Sabina Szymbor has been a multiple prize winner of the Jan Pocek National Literary Contest organised by the Association of Folk Artists, in which she has come in first (1994, 1996, 1999, 2000, 2001, 2004 and 2011); second (1995 and 2002); third (1985, 1986, 1988, 2003 and 2010); and has been given honourable mentions in 1987, 1989, 2006, 2009, 2014, 2015 and 2016. The Folk Culture Radio Centre of Polskie Radio (Polish Radio) in 1994 awarded her a special prize for creative use of dialect and stylistic-thematic relationship between literary works and local tradition at the Twenty-Third Jan Pocek National Literary Contest. Additionally, at the One-Poem Tournament (Turniej Jednego Wiersza) held during the National Poetry Meetings (Ogólnopolskie Spotkania Poetyckie) organised by the Board Management of the STL in 1995, she won the first prize for her poem Jesień (Autumn). She has also been twice awarded at the national poetry contest ‘In Search of Village Talent’ (‘Szukamy talentów wsi’) in Wąglany in 1983 and 1984. In 2013, she was given the first prize at the Thirty-Second May of Poetry in Wąglany (Wąglański Maj Poezji) in the category of ‘Rhymed Poetry’.
In 1995 in Lublin, she published her first and only individual book of poetry titled Okruchy bieli (The Crumbs of White) edited by Donat Niewiadomski. It contained fifty-five lyrics (majority of which had been brought out before), including auto-thematic poems about nature, the country and the native land, Poland, home and parents.
Sabina Szymbor is particularly concerned with reflective poetry. She has also tried writing prose, but she was not satisfied with her efforts (this type of writing is not her style, as she herself remarked) and she quickly abandoned it to focus on constructing poetic stanzas instead.
In his preface to the poetess’s book, Donat Niewiadomski observed that she is mostly interested in free verse in its syntactic variety known as focused verse (the so-called post-avant-garde or Różewicz type). Visually, this type of verse takes on the shape of a column of alternating short and long lines. The successive lines create the so-called concentrations, i.e. sections of utterances linked semantically, syntactically (syntactic group or sentence) and intonationally. The use of such a verse connects Szymbor’s lyric poetry with the modern writing techniques.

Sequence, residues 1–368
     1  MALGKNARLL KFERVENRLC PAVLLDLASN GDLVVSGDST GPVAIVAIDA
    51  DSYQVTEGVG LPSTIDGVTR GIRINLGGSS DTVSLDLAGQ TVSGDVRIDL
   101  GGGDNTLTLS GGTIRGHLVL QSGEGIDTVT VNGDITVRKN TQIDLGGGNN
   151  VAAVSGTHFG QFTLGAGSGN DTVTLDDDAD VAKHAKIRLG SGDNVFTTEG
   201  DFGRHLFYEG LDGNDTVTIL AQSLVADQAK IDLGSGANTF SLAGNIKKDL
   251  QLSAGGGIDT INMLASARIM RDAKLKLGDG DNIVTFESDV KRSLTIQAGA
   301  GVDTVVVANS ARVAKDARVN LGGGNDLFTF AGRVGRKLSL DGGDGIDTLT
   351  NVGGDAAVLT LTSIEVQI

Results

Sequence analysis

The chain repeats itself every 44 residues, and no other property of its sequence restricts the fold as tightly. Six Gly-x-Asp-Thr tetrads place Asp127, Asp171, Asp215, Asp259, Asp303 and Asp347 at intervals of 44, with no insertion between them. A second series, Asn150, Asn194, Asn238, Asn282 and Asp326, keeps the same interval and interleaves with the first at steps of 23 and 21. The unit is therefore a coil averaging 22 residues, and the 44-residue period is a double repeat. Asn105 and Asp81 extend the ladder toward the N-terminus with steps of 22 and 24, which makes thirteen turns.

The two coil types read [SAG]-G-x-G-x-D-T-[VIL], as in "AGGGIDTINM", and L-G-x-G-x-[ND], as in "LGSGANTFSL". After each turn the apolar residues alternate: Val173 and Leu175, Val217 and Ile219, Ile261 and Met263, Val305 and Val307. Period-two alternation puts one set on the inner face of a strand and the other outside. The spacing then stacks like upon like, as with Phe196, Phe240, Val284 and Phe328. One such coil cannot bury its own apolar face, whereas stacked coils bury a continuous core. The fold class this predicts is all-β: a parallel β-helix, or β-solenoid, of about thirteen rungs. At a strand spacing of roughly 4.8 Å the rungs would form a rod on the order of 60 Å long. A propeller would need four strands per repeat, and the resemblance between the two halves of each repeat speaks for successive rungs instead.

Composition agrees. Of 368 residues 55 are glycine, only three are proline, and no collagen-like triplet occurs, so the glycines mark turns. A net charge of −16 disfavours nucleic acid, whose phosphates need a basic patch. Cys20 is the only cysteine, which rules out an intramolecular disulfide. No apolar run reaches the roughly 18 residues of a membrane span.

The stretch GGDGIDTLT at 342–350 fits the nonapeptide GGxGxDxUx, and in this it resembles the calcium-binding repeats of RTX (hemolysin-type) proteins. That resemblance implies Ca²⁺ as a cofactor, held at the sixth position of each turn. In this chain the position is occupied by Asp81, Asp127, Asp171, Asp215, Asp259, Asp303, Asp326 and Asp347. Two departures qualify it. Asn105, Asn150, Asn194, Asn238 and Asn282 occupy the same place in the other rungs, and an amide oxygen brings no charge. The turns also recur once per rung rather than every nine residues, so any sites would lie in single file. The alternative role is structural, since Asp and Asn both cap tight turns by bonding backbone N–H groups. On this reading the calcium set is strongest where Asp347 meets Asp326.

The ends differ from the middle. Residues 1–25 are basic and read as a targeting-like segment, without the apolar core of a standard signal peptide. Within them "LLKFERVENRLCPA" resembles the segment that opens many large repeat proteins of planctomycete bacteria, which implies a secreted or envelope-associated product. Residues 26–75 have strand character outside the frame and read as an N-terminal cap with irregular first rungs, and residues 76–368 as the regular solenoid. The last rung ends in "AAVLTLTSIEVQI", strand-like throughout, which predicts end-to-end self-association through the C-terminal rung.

In her works, the author turns her thoughts to the passage of time, the creative process, the place of a man in the world and the search of one’s own identity. She is at her most potent, however, when she can share her recollections of home and parents, the images of the past, her childhood and youth and all the wonderful paraphernalia that came with it: a wooden cottage, her mother, windmills, harvest festivals, picnics etc. Nature and village life are portrayed in her poems as something akin to sanctuary, a peaceful harbour and a soothing antidote of sorts for the contemporary fears and anxieties. Her works contain a peculiar type of dialogues, especially when she is writing about religion and personal issues.
Sabina Szymbor has been a devoted fan of Maria Pawlikowska-Jasnorzewska and Jan Pocek, whose poetries find a creative expression in her own lyrics and whose spiritual and aesthetic beliefs she greatly admires.
Her works are reflections of her feelings, genuine and unadulterated, and her deftly written stanzas are wonderfully and remarkably simple. Her poetic output is well thought-out, formally straightforward and highly metaphorical, characterised by a peculiar type of stylistic and thematic artistry. For her, the process of writing is almost sacred, demiurgic; it fills her entire personality. As she herself phrased it in one of her poems, she writes from the bottom of the heart/from deep down/simple in expression/rough contents…